Me is child two of four. Initially, I was a nervous kid who sat in the back of the plane and chewed her nails.
The 1971 race from Columbus, Ohio to Managua, Nicaragua made the largest change in my life. It was six months after Dad died. I took a bus ride from college and visited Mom in Columbus before the race started. For the first time, I recognized her as an adult. She and United Airlines Instructor Doris Langher were on the floor of the Holiday Inn studying their charts with breaks only for TV weather forecasts. Clearly, Mom was a talented pilot and skilled strategist. Their efforts were so intense that Mom didn’t notice that I read Sex and the Single Girl and tossed it in the trash in the same room. That’s when I learned that flying is as much about preparation, experience, and judgment as it is about flying the airplane. Mom and Doris won that race.
That summer I worked at the Elgin, Illinois airport. During lunch and after work, Mom taught me to fly. It was racing that cemented our relationship as teammates. I was only one of many she inspired and encouraged to do their best at whatever challenge they pursued.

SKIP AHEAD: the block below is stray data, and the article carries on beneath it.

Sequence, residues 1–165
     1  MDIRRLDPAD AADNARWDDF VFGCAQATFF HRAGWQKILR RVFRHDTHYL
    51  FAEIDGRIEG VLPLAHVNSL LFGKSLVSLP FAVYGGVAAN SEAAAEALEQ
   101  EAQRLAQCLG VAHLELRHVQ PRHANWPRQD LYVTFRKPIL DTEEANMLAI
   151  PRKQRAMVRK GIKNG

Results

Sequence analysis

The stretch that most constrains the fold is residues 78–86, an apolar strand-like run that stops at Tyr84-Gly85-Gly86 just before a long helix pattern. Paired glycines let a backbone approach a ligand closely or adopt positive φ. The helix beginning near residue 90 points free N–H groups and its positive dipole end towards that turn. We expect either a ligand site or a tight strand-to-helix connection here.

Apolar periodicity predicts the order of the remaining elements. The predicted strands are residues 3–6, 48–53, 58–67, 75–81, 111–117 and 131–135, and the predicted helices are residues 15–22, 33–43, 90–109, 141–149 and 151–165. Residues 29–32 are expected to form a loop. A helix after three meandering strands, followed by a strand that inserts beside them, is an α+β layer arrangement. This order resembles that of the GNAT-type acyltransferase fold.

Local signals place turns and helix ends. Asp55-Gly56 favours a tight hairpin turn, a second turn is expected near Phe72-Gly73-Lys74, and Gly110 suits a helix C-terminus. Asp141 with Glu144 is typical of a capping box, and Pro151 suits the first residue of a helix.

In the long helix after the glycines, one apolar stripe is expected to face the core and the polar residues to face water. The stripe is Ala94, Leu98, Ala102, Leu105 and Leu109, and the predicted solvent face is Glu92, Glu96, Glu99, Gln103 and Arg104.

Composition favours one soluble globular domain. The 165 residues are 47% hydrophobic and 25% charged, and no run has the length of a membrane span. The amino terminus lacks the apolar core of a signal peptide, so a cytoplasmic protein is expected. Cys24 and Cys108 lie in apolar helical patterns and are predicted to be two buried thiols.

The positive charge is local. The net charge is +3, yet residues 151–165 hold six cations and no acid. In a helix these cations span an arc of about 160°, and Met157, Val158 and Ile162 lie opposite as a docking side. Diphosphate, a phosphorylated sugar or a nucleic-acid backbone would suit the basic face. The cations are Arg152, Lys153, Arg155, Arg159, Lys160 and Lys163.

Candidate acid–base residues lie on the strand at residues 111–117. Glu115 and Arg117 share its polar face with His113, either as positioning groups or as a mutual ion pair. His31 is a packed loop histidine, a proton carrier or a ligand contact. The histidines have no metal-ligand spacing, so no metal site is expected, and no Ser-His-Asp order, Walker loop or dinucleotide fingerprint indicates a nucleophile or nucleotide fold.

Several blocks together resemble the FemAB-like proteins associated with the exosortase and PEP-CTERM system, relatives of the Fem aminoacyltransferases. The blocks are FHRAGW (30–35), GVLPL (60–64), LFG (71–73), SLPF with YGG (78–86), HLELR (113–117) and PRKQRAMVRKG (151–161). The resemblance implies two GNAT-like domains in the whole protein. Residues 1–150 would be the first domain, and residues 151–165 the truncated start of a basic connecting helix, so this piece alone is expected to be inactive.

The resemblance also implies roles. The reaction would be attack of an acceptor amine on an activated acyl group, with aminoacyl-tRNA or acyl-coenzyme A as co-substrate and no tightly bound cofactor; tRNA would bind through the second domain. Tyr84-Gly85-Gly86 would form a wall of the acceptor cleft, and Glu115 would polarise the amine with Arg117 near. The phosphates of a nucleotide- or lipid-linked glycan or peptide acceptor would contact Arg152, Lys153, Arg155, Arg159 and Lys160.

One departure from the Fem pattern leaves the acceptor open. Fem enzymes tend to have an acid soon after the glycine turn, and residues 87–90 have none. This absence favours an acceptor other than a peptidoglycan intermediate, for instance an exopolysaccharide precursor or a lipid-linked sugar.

Airplane made three. We won races using other planes but most of the time the airplane we raced was/is the 1970 Piper Twin Comanche that my husband and I still fly today. My parents bought it for business and took possession of it on their 26th wedding anniversary. Before today’s electronic navigation aids, racing a fast twin was a disadvantage because staying on course was so difficult. Before the term “cockpit resource management” was invented, we were doing it. Mom had all the aircraft flight controls with weather responsibilities and I handled navigation, fuel management, and communications. We laughed that I could “tell her where to go” and that was a good thing. It was amazing to me that she trusted me to pre-flight the Twin by myself when I was a 50-hour pilot. She trusted me with her life and her airplane.